Often the celebration of Halloween conjures up tales of suspense and for many the spooky
stories of the famous author Edgar Allan Poe. A book published recently on Poe includes an essay by Associate Professor Rachel McCoppin, at right, who teaches in the Liberal Arts and Education Department at the University of Minnesota, Crookston. The book entitled Adapting Poe: Re-Imaginings in Popular Culture published by Palgrave Macmillan includes the essay "Horrific Obsessions: Poe's Legacy of the Unreliable Narrator" authored by McCoppin.
The book, edited by Dennis R. Perry and Carl H. Sederholm, is a collection of essays examining a wide range of genres and media all centered on Poe and his works. The compilation looks closely at Poe's influence on popular culture and his relevance today.
"Poe is known for his psychological horror; his narrators terrify readers because their afflictions come from within their own minds," McCoppin says. "Poe narrators are famous for repressing their true selves, until the horrific culmination of the story shows the narrator as a slave of his own demanding psyche, usually forcing him to commit murder.
"My article focuses on Poe's narrators in some of his most famous stories, like "The Tell-Tale Heart" and "The Black Cat" and connects them to leading characters in the popular films, Alfred Hitchcock's Vertigo and M. Night Shyamalan's Sixth Sense, to show how failing to know oneself may lead, given the right circumstances, to terror," she continues.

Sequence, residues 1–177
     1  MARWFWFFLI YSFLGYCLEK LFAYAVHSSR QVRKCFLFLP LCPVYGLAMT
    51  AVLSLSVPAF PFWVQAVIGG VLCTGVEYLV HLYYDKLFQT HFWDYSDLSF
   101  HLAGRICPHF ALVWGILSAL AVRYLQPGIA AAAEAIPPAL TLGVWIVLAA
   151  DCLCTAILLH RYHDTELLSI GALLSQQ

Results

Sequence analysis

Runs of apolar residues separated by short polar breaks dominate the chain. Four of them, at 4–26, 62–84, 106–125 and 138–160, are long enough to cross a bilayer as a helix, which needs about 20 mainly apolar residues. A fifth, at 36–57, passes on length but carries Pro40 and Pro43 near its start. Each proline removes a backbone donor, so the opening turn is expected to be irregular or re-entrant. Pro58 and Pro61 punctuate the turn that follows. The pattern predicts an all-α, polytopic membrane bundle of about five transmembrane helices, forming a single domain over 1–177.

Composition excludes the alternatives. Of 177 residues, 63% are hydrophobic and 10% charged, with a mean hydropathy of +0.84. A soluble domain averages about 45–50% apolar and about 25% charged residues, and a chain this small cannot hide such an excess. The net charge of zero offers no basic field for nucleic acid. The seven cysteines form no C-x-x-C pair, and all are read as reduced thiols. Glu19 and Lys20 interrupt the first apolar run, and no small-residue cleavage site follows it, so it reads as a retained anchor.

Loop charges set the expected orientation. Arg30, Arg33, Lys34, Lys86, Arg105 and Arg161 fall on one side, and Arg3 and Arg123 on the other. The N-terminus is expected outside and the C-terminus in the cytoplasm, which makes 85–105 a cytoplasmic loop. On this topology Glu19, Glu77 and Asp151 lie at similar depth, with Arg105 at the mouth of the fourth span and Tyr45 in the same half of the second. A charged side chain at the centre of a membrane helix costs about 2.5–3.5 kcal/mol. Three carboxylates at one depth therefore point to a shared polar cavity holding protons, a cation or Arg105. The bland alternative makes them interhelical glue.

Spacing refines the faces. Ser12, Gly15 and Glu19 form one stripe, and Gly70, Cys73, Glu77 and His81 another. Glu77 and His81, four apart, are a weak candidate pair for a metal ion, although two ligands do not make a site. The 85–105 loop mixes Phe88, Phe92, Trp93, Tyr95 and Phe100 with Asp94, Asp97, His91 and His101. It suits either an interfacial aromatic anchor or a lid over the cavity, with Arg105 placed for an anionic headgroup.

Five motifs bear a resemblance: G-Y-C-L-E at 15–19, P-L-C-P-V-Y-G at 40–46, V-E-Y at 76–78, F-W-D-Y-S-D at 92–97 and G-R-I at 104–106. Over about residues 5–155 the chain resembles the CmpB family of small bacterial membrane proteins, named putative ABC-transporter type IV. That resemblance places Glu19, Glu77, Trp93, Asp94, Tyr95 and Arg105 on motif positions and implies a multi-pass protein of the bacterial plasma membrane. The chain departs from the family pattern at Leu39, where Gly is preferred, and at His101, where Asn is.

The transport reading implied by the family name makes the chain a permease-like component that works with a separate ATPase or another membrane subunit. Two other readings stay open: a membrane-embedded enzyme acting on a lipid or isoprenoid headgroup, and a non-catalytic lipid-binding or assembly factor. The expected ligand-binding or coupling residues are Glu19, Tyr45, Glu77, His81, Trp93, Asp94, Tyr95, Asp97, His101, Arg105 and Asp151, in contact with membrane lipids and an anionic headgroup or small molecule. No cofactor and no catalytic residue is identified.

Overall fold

McCoppin earned her doctorate from the University in Pennsylvania, Indiana, Pa., her master or arts from Northern Michigan University, Marquette, Mich., and her bachelor of arts from the University of Michigan, Flint, in English. Her research interests include American transcendentalism, modernism, existentialism, and the pedagogy of literature and ethics. She has been teaching in the area of literature, oral interpretation, and communication ethics at the U of M, Crookston since 2003.
Today the University of Minnesota, Crookston delivers 26 bachelor's degree programs, 18 minors, and 39 concentrations on campus--as well as 10 degrees online--in the areas of agriculture and natural resources; business; liberal arts and education; and math, science and technology. With an enrollment of 1,800 undergraduates from 25 countries and 40 states, the Crookston campus offers a supportive, close-knit atmosphere that leads to a prestigious University of Minnesota degree. "Small Campus. Big Degree." To learn more, visit www.umcrookston.edu.
Contact: Rachel McCoppin, associate professor, Liberal Arts and Education, 218-281-8273 (email@example.com); Elizabeth Tollefson, assistant director, communications, 218-281-8432 (firstname.lastname@example.org)